The Law School Currently Sponsors Three Mock Trial Teams. Which one is right for you?
The National Trial Team Competition Team
Founded in 1975, the National Trial Competition is one of the premier advocacy team competitions in the United States. Co-sponsored by the American College of Trial Lawyers (ACTL) and the Texas Young Lawyers Association, the competition typically attracts over 1,000 competitors each year. Unique to the National Trial Competition, the fictional problem used by competitors alternates each year from a civil fact pattern to a criminal fact pattern.
The National Trial Competition team is coached by alumni Ben Beasley (email@example.com) and Ashley Bond (firstname.lastname@example.org). This year's competitors are: Audreina Blanding, John Cardozo, Leah Dotter, Annemarie Duerr, Brice Litus, Kaitlin O'Dowd, Alex Oyston, Ritozeh Saingbe, Amanda Sirleaf, and Aaminah Woods. They will compete in the Regional Competition February 3-6, 2022.
In the fall semester, students receive instruction and rigorously prepare for the competition; in the spring, students continue to practice and attend the regional competition held in early February at American University School of Law. Students may earn one academic credit for each semester for successful completion of all academic requirements.
To qualify for the National Trial Competition team, students must have taken and passed Evidence or be enrolled in an Evidence course during the fall semester and maintain a 2.8 GPA. Tryouts consist of an application, a brief interview to learn about the student, and a mock opening or closing statement based on a fictional problem.
Once selected on the team, the fall semester is spent reviewing the trial scripts, learning the rules of evidence, and conducting mock arguments. The spring semester focuses on preparing for the regional competition with weekend practices. These practices will involve "live witnesses" (outside students who have not studied the fact pattern), similarly to what the students will encounter at competition.
The two top teams from the Regional Competition advance to the National Competition on March 30 - April 3, 2022, which takes place in Fort Worth, Texas. The University of Baltimore is happy to announce that we have a team advancing to the National Competition this year! Our National Team will be represented by Annemarie Duerr, Brice Litus, and Kaitlin O'Dowd. To get to this point, our team faced teams from Howard University, School of Law, University of Maryland, Francis King Carey School of Law , and the University of Virginia, School of Law in the preliminary rounds. They beat a second team from Howard in the semi-final round and then went on to beat American University, Washington College of Law in the finals. American's program had two teams that made it into the finals (Georgetown was the 4th). Please wish them luck as they prepare for the National Competition, using a new fact pattern.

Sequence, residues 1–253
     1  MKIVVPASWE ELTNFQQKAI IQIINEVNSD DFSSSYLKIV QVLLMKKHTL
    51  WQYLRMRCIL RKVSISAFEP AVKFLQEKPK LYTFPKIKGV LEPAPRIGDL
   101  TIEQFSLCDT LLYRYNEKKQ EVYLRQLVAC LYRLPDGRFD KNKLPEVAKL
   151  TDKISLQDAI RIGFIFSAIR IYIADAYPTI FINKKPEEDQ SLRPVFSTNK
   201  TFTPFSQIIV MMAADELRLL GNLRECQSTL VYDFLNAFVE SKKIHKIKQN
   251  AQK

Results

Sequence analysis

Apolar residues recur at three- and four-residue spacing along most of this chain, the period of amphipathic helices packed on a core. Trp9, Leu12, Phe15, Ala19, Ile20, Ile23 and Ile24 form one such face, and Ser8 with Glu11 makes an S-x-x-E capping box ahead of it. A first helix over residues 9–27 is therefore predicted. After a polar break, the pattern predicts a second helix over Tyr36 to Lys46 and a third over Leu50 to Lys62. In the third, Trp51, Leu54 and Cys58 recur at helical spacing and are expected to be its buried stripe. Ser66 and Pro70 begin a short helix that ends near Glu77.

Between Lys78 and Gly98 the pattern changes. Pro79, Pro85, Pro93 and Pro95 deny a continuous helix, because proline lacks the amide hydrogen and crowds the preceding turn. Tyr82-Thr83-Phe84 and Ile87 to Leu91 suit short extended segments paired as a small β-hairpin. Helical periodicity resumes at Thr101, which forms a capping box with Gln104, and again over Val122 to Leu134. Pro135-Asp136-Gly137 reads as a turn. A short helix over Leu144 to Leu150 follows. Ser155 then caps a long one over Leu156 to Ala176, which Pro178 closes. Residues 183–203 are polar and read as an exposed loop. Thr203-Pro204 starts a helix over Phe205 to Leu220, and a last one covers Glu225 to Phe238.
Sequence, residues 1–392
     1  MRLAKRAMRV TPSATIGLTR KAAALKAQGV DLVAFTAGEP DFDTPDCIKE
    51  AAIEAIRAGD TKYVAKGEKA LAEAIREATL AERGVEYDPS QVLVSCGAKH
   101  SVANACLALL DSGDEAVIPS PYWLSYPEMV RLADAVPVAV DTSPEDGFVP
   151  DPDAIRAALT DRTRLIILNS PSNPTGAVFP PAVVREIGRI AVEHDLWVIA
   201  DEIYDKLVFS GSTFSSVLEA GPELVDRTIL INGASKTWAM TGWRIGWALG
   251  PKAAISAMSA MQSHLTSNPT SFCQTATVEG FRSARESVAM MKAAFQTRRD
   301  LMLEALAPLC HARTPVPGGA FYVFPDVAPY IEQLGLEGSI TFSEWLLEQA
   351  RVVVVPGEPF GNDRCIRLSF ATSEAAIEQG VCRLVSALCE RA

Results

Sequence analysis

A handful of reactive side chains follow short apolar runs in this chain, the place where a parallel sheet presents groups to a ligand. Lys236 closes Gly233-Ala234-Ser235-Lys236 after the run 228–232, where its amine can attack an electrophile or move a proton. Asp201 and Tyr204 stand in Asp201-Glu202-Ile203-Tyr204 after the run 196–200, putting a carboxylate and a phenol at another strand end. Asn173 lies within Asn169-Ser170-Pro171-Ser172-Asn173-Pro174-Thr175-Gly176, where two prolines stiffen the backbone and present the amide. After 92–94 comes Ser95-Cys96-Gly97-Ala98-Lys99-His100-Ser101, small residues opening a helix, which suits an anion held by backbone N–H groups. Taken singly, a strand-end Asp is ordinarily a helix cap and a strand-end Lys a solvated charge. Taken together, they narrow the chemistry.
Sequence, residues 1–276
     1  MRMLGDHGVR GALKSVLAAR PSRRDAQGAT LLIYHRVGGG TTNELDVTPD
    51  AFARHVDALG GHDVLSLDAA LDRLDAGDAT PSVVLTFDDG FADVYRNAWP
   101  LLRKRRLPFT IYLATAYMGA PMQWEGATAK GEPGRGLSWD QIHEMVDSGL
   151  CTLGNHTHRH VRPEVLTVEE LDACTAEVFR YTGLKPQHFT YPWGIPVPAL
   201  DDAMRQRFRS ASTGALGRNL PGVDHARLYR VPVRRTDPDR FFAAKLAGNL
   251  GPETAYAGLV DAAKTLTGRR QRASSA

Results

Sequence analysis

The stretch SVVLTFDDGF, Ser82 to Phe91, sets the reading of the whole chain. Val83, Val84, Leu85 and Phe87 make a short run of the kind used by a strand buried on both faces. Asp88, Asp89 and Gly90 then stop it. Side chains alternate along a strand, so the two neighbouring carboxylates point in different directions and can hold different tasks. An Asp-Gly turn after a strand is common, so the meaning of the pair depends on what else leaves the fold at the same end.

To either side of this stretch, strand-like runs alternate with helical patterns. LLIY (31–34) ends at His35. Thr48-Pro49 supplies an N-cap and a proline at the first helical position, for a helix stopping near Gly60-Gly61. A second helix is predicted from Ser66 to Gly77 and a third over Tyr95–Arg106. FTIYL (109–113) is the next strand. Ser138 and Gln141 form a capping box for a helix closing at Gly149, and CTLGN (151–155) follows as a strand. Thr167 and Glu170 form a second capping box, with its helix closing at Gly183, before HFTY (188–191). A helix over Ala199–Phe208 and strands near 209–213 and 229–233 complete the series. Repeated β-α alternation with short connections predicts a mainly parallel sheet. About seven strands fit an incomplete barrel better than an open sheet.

Constance Baker Motley Trial Team Competition
Named after the first African American female federal judge, the Constance Baker Motley Trial Team competition is sponsored by the National Black Law Students Association. UBalt has proudly participated in NBLSA's trial competitions for many years.
Each year, UBalt Law students who have been dues-paying members of BLSA the prior year compete in a tryout process in early fall to be selected to a four-person team. If chosen for this honor, students receive two academic credits. To prepare for the competition, students diligently work with their coaches to develop and practice trial skills, such as giving opening and closing statements, conducting direct and cross-examinations, and preparing witnesses.
UBalt's team competes each year in the spring Mid-Atlantic BLSA Competition for the regional championship. The top three teams then advance to the national BLSA competition. Advocates are evaluated on their overall courtroom presence, command of the Federal Rules of Evidence and Civil Procedure, teamwork, and timeliness and accuracy of objections. Each trial lasts approximately 2.5 hours.
The coaches for the 2020-21 academic year are Professor Odeana Neal and UBalt Law alumna Sameerah Mickey, J.D. '19.
This year’s competitors are: Autumn Lee, Jaelin Ali, Parker Imani Payne, and Sam Scales.
The American Association of Justice Trial Team
The American Association for Justice (AAJ) describes its mission as promoting “justice and fairness for injured persons, safeguards victims’ rights—particularly the right to trial by jury—and strengthen[ing] the civil justice system through education and disclosure of information critical to public health and safety.” AAJ believes that one of the most effective long-term methods for achieving its mission is to assure that the nation’s upcoming lawyers are effective advocates. The intent of the AAJ’s trial team program is to provide an opportunity for student lawyers to hone their trial skills through a national competition.
The AAJ trial team competition always involves a civil matter. The subject of past competitions includes: a child paralyzed after being struck by a drunk driver; a young woman unable to have children because of an alleged medical mistake; a person denied a promotion due to alleged racial discrimination; an elderly man injured due the alleged negligence of a nursing home; and a community whose water supply allegedly was contaminated by a local manufacturer.
Beyond gaining trial experience, an additional benefit of competing in the STAC program is that the Law School provides each team member with a student membership in the AAJ.